It's Sunday morning! The men of the house are watching the cricket and sharing breakfast - it is totally cute. Henry's getting much better at eating food in bits, so he gets a bit of whatever we're having. He seems to enjoy food much more when it comes from someone else's plate, but who doesn't?
What else? Henry had a check up with the nurse last week, and all is well with him. He only put on about 300g over the past two months which is:
a) less than usual, because up until now he's been growing like a wildly growing thing,
b) normal, because he's using up more energy now that he's crawling around the place, and
c) kind of a relief, because at the rate he was going, I was worried he'd be too big for the airplane bassinet when we go to Australia... Ah, the things I find to worry about.
The nurse asked if he'd started doing things like waving and clapping (yes and yes), and stressed the importance of getting those sorts of things right in time for his 10 month appointment. Basically, there's a developmental test that the doctor gives, to see if their motor skills and communication skills are all good for their age. This is, of course, a good thing.
And I guess they need to have some sort of standardized milestones, so they can compare babies to each other. But here in Iceland, they seem to go one step further. Not only does Henry need to know how to clap, he needs to clap along to a specific song. That's the prompt that they give him, and if he doesn't respond to it, then he fails at clapping. (There's probably another phrase they use, 'fail' sounds fairly harsh for a baby.)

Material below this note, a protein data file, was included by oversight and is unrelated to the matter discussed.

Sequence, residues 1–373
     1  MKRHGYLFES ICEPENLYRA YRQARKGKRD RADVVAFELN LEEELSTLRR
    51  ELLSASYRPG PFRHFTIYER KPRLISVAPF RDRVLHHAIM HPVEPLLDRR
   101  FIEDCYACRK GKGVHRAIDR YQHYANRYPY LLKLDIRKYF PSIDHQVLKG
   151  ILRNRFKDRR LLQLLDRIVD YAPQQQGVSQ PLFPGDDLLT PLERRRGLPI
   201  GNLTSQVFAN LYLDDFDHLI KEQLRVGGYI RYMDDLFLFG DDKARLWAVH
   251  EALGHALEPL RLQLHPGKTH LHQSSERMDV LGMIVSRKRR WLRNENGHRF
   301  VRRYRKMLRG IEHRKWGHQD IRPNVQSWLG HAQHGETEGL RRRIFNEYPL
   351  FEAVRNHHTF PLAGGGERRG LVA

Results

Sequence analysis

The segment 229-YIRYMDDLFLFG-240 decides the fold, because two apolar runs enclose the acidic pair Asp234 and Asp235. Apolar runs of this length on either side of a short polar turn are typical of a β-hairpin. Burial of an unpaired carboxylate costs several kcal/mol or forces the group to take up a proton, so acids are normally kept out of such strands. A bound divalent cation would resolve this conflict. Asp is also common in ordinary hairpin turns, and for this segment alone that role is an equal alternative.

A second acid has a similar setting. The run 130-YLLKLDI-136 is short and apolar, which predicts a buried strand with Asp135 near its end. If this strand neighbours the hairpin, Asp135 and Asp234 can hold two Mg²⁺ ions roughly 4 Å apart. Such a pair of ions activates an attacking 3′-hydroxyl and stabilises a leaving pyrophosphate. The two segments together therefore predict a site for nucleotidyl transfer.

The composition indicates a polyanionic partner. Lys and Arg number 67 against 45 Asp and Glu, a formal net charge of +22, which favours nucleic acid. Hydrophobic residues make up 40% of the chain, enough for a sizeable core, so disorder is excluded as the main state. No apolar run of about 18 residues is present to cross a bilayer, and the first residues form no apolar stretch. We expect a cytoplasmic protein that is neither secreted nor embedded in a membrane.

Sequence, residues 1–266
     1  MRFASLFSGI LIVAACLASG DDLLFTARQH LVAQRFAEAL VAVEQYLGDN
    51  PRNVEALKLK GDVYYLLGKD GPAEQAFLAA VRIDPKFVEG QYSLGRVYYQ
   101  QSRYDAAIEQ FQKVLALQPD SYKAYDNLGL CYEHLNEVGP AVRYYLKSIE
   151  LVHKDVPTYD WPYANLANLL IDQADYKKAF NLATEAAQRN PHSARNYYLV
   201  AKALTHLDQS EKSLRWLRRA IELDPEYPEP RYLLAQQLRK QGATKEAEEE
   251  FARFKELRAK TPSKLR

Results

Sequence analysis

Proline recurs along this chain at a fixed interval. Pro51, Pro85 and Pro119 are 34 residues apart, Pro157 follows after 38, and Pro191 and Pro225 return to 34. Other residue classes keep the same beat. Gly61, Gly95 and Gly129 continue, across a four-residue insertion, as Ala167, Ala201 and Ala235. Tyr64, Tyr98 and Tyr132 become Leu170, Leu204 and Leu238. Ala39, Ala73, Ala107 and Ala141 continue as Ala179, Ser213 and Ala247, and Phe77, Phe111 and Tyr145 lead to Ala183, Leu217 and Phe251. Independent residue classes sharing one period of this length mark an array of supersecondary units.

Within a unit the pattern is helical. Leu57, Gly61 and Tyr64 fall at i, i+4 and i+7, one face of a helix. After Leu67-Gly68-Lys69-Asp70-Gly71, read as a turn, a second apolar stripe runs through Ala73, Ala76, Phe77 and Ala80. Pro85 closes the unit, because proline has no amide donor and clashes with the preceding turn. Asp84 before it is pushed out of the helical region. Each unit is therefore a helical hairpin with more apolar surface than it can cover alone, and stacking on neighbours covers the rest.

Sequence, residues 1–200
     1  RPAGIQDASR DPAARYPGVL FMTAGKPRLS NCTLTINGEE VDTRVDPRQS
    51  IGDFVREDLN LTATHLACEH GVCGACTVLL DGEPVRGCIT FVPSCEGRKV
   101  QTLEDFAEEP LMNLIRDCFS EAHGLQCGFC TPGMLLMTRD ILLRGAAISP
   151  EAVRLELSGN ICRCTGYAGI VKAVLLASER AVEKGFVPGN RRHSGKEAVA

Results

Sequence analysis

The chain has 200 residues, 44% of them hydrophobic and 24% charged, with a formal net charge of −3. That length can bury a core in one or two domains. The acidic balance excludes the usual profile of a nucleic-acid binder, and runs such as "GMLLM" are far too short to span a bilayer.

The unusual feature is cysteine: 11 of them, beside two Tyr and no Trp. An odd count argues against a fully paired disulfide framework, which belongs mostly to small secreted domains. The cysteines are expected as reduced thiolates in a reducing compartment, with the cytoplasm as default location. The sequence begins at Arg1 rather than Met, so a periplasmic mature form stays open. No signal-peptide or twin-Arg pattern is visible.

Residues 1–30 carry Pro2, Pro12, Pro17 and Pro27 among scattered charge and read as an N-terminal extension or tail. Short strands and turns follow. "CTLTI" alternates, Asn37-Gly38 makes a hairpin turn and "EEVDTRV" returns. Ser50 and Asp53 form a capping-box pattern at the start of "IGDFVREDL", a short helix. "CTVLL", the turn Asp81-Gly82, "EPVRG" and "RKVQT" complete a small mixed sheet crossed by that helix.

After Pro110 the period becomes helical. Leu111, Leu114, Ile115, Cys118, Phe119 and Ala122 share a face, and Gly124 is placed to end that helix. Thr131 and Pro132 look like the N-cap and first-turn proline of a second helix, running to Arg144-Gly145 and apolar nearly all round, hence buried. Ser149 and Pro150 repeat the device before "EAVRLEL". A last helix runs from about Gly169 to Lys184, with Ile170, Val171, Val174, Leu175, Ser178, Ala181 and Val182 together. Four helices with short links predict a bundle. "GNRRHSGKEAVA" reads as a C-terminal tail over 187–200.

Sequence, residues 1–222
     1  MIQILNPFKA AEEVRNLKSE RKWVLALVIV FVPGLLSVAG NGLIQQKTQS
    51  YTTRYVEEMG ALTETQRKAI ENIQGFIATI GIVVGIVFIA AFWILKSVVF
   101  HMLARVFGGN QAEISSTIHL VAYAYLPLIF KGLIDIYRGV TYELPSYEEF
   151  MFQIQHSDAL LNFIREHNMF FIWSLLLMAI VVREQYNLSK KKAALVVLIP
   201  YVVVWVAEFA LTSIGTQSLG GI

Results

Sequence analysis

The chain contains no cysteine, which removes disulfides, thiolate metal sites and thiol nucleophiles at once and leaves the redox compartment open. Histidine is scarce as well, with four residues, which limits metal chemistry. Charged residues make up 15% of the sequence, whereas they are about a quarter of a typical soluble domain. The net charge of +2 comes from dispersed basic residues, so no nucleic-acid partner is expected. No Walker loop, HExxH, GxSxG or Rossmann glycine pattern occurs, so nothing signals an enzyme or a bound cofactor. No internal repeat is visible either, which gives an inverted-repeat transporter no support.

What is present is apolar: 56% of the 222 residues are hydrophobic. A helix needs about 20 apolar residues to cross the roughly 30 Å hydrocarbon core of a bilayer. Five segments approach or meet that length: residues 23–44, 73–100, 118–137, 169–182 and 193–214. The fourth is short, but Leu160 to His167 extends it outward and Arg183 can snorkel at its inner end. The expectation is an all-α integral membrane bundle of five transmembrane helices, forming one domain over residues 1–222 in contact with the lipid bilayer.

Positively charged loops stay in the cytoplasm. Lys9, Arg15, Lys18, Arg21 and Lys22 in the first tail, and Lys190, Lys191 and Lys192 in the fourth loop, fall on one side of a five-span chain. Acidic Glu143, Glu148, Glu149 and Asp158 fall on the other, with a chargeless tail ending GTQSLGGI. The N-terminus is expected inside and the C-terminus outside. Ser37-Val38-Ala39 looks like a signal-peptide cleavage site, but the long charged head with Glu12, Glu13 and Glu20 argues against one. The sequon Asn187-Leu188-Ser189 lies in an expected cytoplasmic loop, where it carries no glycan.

And there's another thing that I'd noticed other mothers doing at playgroup - asking their babies how big they were, and then the baby would throw his/her hands in the air (this big!) and grin. Aww, how adorable, right? I tried it a bit with Henry, just because I thought it was a bit cute.
Turns out he'll be tested on that. There's a german girl at the mother's group, and she said their daughter puts her hands up every time someone scores a goal in soccer - apparently the nurses warned her that that wasn't an acceptable demonstration of putting your hands up. It must be as an answer to the question 'how big are you?'. Boo.
I can't decide whether I should set aside time every day to practice the 'right' question and answer, or just teach him to high five instead. Maybe I can do both.